Ice-sheet modelers tend to be more familiar with the Newtonian, vectorial formulation of continuum mechanics, in which the motion of an ice sheet or glacier is determined by the balance of stresses acting on the ice at any instant in time. However, there is also an equivalent and alternative formulation of mechanics where the equations of motion are instead found by invoking a variational principle, often called Hamilton's principle. In this study, we show that a slightly modified version of Hamilton's principle can be used to derive the equations of ice-sheet motion. Moreover, Hamilton's principle provides a pathway in which analytic and numeric approximations can be made directly to the variational principle using the Rayleigh–Ritz method. To this end, we use the Rayleigh–Ritz method to derive a variational principle describing the large-scale flow of ice sheets that stitches the shallow-ice and shallow-shelf approximations together. Numerical examples show that the approximation yields realistic steady-state ice-sheet configurations for a variety of basal tractions and sliding laws. Small parameter expansions show that the approximation reduces to the appropriate asymptotic limits of shallow ice and shallow stream for large and small values of the basal traction number.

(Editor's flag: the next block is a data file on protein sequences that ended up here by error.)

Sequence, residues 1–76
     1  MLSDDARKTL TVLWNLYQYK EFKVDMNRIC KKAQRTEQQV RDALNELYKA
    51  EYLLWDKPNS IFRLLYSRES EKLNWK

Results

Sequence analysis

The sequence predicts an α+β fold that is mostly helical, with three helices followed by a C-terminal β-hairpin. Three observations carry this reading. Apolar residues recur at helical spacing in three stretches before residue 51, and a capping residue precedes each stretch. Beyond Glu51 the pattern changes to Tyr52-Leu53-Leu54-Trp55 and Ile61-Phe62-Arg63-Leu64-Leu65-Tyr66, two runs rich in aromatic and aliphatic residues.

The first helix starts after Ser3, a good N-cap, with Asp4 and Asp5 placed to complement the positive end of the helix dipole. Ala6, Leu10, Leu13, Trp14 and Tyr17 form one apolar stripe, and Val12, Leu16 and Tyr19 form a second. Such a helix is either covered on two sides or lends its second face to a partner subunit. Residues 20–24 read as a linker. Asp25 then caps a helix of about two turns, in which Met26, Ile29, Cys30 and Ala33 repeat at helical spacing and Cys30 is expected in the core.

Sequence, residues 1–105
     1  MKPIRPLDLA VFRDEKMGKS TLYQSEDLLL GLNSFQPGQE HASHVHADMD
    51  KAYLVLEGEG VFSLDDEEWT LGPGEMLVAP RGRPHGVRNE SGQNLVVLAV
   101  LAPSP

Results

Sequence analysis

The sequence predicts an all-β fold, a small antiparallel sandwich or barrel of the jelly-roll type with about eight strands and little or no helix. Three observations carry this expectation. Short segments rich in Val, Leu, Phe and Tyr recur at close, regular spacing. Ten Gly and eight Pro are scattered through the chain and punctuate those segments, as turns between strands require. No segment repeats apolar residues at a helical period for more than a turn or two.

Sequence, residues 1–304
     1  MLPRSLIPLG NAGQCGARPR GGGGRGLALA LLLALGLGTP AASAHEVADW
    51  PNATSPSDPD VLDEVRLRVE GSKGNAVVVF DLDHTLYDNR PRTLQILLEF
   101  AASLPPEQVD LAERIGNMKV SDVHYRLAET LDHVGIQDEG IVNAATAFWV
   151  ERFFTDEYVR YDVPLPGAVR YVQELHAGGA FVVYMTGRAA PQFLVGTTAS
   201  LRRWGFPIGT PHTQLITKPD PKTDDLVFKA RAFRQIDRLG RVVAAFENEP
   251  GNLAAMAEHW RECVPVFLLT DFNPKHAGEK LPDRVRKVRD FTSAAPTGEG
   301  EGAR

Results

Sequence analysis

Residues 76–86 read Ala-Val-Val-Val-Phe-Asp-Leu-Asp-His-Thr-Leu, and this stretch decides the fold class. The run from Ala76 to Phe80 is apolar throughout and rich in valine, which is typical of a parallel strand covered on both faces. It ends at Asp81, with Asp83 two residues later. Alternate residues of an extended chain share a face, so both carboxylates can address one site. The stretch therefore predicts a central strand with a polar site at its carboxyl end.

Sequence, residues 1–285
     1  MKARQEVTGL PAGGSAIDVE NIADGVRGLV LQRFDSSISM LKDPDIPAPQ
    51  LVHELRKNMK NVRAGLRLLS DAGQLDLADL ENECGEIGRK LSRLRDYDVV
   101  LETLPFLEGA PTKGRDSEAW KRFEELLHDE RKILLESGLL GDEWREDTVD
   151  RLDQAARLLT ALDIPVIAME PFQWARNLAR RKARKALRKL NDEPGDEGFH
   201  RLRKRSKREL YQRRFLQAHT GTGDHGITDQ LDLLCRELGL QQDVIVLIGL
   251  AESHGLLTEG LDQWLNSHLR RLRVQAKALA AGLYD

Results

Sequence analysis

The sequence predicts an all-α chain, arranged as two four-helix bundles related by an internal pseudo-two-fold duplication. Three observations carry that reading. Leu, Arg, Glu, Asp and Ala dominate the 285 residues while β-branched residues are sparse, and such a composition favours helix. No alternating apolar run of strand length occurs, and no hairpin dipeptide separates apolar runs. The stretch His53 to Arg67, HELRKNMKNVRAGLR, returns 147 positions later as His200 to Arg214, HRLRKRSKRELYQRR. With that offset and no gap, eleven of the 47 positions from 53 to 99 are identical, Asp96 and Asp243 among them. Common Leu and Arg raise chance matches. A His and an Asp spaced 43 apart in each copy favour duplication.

The Journal of Glaciology is published six times per year. It accepts submissions from any discipline related to the study of snow and ice. All articles are peer reviewed. The Journal is included in the ISI Science Citation Index.